Abstract content <br> (Max 300 words)
New 2 µm Thulium-doped fibre lasers have the potential to be used for a variety of applications such as eye-safe lidar systems, remote sensing, directed infrared countermeasures, non-linear wavelength conversion and range finding. In general, fibre lasers are robust, high brightness sources that offer high average output power with excellent beam quality and efficiency.
A diode-pumped, CW & Q-switched (Pulsed) Thulium-doped fibre laser was designed, developed and characterized at the National Laser Centre in Pretoria. Two lengths of active fibre were used to construct the fibre laser. A variety of high-reflective mirrors as well as a Volume Bragg Grating (VBG) was utilized to constitute the laser resonator. The laser operating in CW mode was characterized with regard to its slope efficiencies, beam profile, polarization, spectral output and temporal behaviour. Results obtained compare favourably with those found in the literature and indicate current limitations and instabilities within the laser setup. Additionally, the influence of misalignment within the setup is observed.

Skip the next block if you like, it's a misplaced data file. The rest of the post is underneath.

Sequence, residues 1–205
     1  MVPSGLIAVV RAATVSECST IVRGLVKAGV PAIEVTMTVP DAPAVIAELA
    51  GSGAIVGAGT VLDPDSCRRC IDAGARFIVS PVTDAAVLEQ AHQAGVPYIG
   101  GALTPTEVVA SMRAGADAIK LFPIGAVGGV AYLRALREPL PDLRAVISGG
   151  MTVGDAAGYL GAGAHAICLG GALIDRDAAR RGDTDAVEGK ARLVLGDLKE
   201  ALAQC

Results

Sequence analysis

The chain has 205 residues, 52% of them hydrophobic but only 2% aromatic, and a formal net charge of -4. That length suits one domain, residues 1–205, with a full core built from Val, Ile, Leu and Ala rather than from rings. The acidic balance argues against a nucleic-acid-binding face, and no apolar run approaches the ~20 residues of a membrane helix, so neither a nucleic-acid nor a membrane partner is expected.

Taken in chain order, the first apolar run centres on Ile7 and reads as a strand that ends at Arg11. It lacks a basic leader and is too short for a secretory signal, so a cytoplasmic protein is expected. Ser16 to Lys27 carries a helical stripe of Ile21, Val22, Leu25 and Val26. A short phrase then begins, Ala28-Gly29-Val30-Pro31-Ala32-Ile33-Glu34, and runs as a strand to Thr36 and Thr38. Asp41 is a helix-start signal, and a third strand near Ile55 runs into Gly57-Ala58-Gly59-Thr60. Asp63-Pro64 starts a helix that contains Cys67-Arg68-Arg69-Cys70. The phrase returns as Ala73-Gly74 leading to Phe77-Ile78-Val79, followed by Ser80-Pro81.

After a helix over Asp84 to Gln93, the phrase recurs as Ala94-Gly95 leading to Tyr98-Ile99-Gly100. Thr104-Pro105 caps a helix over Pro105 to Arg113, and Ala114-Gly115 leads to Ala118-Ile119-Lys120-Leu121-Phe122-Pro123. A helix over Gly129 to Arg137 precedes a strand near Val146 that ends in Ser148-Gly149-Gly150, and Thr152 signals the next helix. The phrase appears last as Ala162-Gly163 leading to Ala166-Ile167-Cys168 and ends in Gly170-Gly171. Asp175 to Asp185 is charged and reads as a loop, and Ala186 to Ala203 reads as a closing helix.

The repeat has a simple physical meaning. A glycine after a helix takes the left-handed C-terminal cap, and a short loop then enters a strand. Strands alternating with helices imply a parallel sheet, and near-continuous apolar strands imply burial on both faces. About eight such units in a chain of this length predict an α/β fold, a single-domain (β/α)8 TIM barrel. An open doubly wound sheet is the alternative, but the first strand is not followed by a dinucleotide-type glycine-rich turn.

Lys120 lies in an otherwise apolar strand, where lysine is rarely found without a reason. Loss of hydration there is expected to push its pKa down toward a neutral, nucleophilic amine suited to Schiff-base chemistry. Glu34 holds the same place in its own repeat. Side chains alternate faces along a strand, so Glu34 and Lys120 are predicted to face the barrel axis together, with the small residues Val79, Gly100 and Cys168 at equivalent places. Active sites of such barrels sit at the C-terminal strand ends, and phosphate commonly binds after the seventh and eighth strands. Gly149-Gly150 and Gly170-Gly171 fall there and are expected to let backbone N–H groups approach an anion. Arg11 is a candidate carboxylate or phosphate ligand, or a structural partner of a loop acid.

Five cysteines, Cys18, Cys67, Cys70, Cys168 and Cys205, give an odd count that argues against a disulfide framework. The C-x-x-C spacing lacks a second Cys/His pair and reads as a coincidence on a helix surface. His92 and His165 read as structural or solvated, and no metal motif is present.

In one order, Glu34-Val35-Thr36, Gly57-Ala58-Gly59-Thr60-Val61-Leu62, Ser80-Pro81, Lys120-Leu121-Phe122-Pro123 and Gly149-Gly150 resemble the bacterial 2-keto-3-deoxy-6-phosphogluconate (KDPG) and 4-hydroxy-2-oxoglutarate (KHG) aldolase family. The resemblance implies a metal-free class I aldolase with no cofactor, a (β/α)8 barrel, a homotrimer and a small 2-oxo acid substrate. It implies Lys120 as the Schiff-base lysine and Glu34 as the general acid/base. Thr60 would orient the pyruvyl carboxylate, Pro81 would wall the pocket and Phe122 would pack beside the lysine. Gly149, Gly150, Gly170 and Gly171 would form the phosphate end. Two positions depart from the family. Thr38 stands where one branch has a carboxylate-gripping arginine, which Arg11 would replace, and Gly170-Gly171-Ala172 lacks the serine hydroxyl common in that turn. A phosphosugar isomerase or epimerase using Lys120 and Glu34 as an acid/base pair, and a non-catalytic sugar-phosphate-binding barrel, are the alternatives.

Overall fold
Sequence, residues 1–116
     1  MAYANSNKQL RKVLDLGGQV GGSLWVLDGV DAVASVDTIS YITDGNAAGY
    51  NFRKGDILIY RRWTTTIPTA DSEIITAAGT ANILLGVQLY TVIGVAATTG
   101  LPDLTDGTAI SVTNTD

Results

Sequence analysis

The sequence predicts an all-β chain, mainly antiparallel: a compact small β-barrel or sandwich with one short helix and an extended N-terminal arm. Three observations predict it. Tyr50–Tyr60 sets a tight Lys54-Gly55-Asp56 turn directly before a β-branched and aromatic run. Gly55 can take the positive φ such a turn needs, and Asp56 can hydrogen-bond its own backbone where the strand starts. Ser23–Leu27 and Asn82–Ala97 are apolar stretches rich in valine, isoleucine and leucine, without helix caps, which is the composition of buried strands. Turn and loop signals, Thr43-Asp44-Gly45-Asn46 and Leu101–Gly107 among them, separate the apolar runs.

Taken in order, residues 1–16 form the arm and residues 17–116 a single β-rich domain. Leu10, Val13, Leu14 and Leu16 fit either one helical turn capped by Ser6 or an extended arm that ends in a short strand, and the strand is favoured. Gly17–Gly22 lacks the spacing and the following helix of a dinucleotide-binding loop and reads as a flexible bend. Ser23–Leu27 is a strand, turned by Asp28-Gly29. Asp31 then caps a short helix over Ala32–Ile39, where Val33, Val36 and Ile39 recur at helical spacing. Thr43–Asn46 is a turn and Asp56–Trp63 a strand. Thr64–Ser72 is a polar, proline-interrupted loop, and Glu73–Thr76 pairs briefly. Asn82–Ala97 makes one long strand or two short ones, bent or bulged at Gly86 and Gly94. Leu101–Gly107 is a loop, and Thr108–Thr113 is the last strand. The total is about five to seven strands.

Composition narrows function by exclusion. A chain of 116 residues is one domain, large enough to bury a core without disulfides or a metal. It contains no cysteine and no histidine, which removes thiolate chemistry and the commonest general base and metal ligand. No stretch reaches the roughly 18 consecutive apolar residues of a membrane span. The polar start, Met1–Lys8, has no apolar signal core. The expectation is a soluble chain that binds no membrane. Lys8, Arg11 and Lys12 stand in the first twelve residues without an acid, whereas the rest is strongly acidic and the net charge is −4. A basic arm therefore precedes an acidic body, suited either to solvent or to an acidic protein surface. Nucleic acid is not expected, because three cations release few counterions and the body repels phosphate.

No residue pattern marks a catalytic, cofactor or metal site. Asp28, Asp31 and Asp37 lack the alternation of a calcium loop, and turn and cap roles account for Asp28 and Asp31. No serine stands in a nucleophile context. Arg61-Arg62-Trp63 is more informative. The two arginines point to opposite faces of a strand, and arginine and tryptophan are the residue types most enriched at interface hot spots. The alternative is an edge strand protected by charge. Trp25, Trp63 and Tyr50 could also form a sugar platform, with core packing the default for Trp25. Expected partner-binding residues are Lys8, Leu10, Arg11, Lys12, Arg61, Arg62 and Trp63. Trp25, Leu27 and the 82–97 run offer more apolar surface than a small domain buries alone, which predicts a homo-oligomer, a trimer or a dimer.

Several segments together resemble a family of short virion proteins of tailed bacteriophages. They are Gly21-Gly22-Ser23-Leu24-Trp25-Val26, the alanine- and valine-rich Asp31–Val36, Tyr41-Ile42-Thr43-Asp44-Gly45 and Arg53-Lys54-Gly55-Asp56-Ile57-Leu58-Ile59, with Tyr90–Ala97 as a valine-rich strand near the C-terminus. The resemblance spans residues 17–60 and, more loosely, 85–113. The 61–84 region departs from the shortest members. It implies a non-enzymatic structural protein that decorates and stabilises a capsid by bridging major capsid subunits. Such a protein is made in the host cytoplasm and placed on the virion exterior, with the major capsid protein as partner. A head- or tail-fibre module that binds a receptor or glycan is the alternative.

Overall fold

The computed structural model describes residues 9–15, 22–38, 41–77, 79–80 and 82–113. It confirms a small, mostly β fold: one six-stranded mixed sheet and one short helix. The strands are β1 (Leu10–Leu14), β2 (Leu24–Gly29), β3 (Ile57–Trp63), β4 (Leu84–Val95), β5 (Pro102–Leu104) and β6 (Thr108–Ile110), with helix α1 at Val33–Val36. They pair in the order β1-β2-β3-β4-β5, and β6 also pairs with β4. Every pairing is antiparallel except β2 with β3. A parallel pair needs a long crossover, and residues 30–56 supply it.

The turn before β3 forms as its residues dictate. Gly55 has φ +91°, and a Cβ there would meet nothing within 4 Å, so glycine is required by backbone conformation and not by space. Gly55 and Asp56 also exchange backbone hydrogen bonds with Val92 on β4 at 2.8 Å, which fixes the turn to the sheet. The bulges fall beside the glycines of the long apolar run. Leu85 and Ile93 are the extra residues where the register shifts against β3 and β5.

Pulsed mode of the fibre laser was facilitated with an Acousto Optic Modulator (AOM) acting as the Q-switch. Initial results indicate erratic pulse behaviour. To generate consistent, stable pulse trains, improvements to the laser setup and are implemented and outlined. The pulsed behaviour is partially characterized for a constant pulse repetition rate of 10 kHz and average power of 2 W. This yields pulse energies and durations of 200 µJ and 77 ns with a corresponding pulse peak power of 2.6 kW.
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Prof EG Rohwer, firstname.lastname@example.org, Stellenbosch University